It's really no surprise that "libido boosting" is one of the most googled terms, and there is no shortage up supplements claiming to help. With Valentine's Day around the corner, now is the perfect time to have 'that' chat!
What is libido
Libido essentially means “sex drive”, and when sex drive goes down, most people don’t know exactly why.
Many people experienced lower sex drive with age, and this can be a result of a number of different things, most commonly the simple fact that change comes with age.
Over time, the body’s production of key sex hormones such as testosterone declines (yes, in both men and women!).
For women, this is a result of their ovaries becoming less active around the time of menopause, and the swift drop in hormone levels that follow it.
For men, the typical decrease in sex drive and with it, testosterone levels also comes with age, but more gradually. Starting at age 40, it is common for men to start seeing a nominal drop in testosterone, that averages just over 1% per year, making it not uncommon for men in their 60s and 70s to see much reduced levels of testosterone. There is a range of symptoms that men can experience if testosterone drops more than is healthy, but most likely not much will change in their day to day life, with the exception of a decreased sex drive.
Enough small talk, show me the money!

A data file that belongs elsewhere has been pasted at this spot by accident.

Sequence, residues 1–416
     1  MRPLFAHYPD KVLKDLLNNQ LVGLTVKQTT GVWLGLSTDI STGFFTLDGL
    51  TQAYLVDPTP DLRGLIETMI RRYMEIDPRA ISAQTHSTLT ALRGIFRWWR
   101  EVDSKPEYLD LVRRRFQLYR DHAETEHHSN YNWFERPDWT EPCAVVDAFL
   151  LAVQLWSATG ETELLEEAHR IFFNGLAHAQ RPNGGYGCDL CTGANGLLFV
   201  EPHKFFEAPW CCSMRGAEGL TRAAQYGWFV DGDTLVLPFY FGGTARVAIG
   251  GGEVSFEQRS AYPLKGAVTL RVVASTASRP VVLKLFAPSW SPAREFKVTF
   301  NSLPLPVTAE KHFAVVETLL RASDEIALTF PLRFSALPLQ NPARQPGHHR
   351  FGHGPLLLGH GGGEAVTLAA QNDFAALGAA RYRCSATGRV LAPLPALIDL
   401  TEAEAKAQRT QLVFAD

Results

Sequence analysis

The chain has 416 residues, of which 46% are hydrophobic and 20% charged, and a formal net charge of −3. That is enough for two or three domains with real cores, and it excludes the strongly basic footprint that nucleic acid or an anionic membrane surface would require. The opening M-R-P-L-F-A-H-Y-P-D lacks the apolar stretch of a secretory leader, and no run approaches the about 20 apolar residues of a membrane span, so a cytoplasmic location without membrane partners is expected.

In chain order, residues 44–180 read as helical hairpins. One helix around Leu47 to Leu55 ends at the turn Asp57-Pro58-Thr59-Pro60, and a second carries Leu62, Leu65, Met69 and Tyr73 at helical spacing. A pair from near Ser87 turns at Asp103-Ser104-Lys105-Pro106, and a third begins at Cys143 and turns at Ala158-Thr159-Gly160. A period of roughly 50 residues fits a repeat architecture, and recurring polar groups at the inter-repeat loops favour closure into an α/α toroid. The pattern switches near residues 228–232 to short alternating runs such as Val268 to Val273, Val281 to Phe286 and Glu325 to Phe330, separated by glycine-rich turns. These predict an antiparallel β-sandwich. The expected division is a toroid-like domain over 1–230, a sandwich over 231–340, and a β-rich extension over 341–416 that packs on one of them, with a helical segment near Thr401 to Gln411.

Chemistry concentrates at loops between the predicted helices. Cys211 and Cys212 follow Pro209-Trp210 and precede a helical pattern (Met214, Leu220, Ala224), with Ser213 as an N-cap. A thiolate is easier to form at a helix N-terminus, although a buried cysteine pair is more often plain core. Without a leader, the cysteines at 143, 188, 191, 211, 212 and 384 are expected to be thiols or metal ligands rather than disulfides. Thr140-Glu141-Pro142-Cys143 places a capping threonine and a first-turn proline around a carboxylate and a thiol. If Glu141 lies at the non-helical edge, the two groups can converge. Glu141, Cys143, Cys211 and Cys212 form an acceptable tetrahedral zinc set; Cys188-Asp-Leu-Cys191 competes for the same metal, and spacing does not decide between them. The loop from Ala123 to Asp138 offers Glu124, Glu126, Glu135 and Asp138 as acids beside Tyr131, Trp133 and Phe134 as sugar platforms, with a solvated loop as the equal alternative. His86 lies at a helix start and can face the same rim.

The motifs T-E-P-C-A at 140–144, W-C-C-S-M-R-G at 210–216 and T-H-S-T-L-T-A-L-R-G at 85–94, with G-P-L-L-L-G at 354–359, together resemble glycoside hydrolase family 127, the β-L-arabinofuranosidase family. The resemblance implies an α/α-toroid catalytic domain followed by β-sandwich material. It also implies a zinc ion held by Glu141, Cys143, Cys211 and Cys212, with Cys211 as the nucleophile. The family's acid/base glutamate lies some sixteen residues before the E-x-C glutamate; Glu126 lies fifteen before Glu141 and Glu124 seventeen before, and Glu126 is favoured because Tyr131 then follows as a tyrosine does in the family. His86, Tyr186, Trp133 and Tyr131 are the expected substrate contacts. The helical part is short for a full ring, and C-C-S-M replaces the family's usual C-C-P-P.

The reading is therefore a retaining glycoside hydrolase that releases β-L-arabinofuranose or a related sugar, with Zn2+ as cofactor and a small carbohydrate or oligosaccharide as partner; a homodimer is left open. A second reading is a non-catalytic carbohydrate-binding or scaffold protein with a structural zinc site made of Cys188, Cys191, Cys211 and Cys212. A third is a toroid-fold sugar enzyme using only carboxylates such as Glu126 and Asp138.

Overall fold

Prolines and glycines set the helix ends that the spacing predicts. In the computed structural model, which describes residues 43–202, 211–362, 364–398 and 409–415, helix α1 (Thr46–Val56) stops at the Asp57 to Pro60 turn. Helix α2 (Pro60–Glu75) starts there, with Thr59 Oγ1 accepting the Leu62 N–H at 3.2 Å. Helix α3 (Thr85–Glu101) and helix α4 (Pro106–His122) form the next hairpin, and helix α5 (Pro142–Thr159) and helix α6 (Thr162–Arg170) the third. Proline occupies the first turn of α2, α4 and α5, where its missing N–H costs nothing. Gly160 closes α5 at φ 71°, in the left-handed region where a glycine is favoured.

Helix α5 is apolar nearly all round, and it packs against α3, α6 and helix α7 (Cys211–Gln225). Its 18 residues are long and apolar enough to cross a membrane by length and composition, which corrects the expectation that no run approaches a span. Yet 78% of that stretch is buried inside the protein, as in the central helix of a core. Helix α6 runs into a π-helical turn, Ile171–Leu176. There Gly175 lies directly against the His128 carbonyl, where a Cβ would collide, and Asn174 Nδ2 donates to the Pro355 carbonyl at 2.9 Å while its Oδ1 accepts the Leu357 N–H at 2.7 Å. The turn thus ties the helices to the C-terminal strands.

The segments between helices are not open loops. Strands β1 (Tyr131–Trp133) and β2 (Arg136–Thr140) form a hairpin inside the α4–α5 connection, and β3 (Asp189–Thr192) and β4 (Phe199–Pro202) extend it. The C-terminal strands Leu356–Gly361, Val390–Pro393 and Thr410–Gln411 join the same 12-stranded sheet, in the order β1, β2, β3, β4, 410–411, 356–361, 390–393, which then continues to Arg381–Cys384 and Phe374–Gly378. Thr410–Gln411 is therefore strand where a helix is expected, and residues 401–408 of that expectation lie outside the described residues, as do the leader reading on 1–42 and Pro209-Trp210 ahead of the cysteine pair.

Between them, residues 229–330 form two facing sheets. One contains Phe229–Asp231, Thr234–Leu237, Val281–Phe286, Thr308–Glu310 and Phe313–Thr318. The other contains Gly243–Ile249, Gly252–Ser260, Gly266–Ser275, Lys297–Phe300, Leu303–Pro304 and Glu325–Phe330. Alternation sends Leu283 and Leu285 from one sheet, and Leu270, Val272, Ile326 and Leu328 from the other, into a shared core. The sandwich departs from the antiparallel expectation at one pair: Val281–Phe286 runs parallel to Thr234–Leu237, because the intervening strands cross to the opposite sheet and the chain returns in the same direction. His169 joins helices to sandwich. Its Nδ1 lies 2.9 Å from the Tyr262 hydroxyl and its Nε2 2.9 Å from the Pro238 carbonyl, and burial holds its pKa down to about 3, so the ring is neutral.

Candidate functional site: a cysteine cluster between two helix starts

Whilst there are several reasons behind low libido, many of them are connected to inadequate magnesium levels.
HORMONES: The mineral, magnesium, works by stopping testosterone in its tracks on its way to latch onto other proteins in the body. This allows for more testosterone to enter the bloodstream, strengthening sex drive.
SLEEP: There is also evidence to support the claim that insufficient sleep can lead to a drop in sex drive for both men and women. And this makes intuitive sense. For people of all ages, exhaustion kills libido — even in your prime.
STRESS: Chronic stress, ongoing stress over an extended period of time, can affect testosterone production, resulting in a decline in sex drive or libido, and can even cause erectile dysfunction or impotence.
ANXIETY: The most ubiquitous effect of anxiety on your sex life is a lowered libido, according to Abby Altman, a New York-based psychiatrist. Higher levels of cortisol are associated with anxiety and stress emotions, and high cortisol can suppress sex hormones that impact desire.
And guess what, inadequate magnesium levels is linked to every single one of the above!
CONCEPTION AND BEYOND
Beyond simply helping to boost libido, magnesium continues to support families-to-be with conception and fertility.
Not only does proper magnesium intake promote the right amount of blood flow to the uterus, but it also plays an integral role in the production of progesterone. Progesterone is a hormone important to a healthy menstrual cycle, and in turn, a healthy pregnancy. After you have conceived, magnesium can help prevent some birth defects, premature birth, and decrease the possibility of sudden infant death syndrome (SIDS).
In the context of your sexual health, magnesium is essential not only for better sleep, but for maintaining a healthy sex drive. So to stay healthy both in and out of the bedroom, get your spray on.
Have fun and stay safe this Valentine’s Day!